AMS 315 • Cultural History of American Teenagers
4:30 PM-6:00 PM
This course begins with a basic question: What has "growing up" meant for different generations of Americans? Guided by conventional wisdom, we tend to view turmoil-ridden adolescence as a normal phase in the life course, even as we are bombarded routinely with warnings that the latest generation of youth is the worst one yet. These claims today seem to preach to the choir. Divided by culture, politics, class, race, religion, gender, and sexuality, most American adults nevertheless generally share the expectation that their teenaged children have entered their peak years of rebellion, bad behavior, experimentation, and self-discovery. We will examine both the experiences of actual teenagers and ideas about teenagers in different eras of American history, focusing especially on the twentieth century. Among the questions we will explore: Is adolescence a stage in the life course that transcends history? Do teenagers from distinct social groups and cultures share similar experiences? How have adults constructed institutions such as the high school or the juvenile justice system to channel the supposed energies of youth? What types of cultures have young people themselves created, and how are they rooted in the issues of their particular historical moments? How have experts and intellectuals shaped popular attitudes about teenagers? In this course students will learn to think historically about teenagers; read and analyze a variety of texts such as film, music, visual art, literature, and academic writing; give oral presentations; and execute a major research paper of ten to twelve pages in length.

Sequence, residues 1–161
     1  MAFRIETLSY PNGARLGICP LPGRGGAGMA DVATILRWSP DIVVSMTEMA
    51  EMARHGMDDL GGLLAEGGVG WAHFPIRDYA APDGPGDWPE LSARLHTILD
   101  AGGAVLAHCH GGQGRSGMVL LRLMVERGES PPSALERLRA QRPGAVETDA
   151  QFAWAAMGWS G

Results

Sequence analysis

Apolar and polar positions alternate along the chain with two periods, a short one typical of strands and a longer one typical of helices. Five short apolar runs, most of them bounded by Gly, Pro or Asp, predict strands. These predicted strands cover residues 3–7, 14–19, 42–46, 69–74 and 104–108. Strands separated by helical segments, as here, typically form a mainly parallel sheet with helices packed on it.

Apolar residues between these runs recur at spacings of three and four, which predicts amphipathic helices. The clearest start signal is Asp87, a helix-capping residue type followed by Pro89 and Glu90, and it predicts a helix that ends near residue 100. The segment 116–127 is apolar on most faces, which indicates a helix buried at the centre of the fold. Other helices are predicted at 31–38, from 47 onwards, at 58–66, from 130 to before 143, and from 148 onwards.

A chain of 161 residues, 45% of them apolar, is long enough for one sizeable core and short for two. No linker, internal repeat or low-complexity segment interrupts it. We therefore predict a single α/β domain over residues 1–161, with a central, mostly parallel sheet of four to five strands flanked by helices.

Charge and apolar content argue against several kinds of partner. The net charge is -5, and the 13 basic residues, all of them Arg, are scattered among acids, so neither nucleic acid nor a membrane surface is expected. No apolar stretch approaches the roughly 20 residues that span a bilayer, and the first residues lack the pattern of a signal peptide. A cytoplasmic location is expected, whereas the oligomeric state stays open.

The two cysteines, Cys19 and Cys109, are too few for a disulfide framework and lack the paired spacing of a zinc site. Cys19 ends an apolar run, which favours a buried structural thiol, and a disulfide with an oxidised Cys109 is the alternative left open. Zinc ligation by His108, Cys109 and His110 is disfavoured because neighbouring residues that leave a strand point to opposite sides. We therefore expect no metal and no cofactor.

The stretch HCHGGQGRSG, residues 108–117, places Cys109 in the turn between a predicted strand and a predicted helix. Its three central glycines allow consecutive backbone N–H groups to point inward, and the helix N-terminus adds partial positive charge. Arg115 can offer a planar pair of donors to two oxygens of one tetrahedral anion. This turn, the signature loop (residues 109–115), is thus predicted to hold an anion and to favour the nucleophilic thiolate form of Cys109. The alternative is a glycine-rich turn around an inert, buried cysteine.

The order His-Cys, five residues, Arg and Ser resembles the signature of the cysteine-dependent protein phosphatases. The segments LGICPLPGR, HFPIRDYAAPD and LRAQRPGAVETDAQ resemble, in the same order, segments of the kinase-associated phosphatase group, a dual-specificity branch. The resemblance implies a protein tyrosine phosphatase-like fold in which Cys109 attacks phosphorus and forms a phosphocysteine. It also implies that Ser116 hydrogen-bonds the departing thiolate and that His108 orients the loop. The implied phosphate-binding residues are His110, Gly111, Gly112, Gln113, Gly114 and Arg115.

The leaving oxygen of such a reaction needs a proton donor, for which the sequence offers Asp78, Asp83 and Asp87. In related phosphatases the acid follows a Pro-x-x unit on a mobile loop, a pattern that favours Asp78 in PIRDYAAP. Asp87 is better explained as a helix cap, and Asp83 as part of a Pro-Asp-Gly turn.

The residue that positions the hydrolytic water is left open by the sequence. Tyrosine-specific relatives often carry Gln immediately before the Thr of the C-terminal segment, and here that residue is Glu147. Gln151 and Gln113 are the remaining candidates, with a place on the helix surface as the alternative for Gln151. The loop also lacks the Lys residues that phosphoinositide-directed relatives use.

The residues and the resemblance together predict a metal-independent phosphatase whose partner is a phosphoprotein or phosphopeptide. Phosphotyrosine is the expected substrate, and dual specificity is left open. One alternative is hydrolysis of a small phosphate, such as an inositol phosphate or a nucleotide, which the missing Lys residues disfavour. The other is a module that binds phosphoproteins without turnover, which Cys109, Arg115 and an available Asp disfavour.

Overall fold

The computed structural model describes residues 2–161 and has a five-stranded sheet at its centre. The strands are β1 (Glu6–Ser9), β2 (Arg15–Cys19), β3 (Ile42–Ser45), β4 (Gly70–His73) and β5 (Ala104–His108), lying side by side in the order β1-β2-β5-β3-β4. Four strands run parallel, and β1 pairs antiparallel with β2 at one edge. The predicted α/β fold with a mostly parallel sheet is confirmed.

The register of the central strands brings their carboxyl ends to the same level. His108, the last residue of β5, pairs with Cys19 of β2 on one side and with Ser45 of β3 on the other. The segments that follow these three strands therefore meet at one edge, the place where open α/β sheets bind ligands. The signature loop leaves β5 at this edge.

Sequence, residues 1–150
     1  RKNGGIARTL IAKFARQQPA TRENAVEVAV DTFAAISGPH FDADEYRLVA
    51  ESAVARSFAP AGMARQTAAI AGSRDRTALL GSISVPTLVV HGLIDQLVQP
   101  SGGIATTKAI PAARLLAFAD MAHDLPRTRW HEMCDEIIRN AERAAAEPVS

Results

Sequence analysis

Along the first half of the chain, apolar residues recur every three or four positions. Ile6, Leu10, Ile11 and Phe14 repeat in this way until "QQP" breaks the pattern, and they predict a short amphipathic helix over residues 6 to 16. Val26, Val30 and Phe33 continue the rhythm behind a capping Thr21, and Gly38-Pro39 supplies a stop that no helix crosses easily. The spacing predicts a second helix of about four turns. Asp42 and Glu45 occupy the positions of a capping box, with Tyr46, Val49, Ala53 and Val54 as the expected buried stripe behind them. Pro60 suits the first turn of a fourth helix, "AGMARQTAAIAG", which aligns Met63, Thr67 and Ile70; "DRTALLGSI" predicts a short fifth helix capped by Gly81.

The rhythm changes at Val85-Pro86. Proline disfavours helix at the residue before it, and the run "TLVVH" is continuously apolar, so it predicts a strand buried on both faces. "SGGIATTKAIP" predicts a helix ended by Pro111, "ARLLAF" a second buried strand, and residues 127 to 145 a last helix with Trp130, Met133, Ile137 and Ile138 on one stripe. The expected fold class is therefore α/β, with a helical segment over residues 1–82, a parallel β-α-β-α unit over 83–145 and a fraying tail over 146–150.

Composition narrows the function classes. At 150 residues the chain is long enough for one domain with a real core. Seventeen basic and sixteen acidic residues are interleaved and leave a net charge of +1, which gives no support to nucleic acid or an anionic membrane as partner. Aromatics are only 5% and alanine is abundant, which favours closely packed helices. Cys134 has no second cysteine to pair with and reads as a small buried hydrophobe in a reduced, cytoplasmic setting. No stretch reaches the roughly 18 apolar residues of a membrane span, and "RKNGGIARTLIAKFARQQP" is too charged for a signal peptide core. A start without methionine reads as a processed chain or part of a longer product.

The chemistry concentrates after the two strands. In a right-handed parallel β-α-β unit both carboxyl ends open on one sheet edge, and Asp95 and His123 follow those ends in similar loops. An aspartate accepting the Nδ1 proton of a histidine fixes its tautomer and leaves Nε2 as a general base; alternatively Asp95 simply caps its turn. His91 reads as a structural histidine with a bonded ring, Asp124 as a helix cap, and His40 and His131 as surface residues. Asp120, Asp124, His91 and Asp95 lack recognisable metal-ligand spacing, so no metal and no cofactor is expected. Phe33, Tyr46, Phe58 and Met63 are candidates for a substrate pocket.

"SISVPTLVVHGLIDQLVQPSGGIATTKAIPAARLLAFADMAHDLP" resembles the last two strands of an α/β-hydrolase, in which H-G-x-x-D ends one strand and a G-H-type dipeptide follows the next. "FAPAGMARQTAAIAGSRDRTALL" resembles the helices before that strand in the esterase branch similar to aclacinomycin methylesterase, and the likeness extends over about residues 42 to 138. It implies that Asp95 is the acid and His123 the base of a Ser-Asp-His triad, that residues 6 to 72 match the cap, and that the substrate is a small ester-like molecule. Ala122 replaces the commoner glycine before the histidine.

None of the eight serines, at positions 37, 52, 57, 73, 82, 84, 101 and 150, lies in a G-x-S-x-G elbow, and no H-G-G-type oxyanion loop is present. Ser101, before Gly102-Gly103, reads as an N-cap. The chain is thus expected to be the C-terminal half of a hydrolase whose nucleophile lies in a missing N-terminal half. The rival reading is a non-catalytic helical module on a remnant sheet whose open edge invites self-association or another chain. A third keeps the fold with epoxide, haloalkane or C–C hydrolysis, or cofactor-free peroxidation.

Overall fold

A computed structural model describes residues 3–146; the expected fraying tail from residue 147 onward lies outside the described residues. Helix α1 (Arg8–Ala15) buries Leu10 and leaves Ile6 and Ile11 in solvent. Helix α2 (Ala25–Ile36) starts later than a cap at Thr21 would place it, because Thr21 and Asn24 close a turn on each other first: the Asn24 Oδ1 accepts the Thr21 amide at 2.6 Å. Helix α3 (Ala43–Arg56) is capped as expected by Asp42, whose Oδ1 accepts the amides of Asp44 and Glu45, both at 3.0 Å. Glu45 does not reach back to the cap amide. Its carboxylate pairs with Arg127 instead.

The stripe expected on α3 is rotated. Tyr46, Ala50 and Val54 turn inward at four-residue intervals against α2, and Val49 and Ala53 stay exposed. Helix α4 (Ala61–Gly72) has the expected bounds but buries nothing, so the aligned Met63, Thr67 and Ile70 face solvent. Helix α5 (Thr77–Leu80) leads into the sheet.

In-class midterm exam: 25%; Take-home final exam: 25%; Research paper (10-12 pages): 30% Two short film response papers (2-3 pages): 10%; Class participation and attendance: 10%
Possible required texts (no more than six): Joe Austin and Michael Nevin Willard eds., Generations of Youth: Youth Cultures and History in Twentieth-Century America Horatio Alger, Ragged Dick Anzia Yezierska, Bread Givers Richard Wright, Native Son Monica Sone, Nisei Daughter J.D. Salinger, Catcher in the Rye Jim Carroll, The Basketball Diaries Claude Brown, Manchild in the Promised Land Anne Moody, Coming of Age in Mississippi S.E. Hinton, The Outsiders Nicholas von Hoffman, We Are the People Our Parents Warned Us Against Anonymous, Go Ask Alice William Finnegan, Cold New World: Growing Up in a Harder Country Anne Arnett Ferguson, Bad Boys: Public Schools in the Making of Black Masculinity Course packet with selected short readings Possible required films (no more than three): Dead End (1938); The Blackboard Jungle (1954); Rebel Without a Cause (1954); I Was a Teenage Werewolf (1959); Beach Party (1962); Splendor in the Grass (1962); High School (1968); American Graffiti (1973); Zoot Suit (1981); The Breakfast Club (1984); School Daze (1988); Menace II Society (1993); Dazed and Confused (1993); American Pie (1999); Juvies (1999); The Merchants of Cool (2000); Ghost World (2001); Inside the Teenage Brain (2002); GirlHood (2003)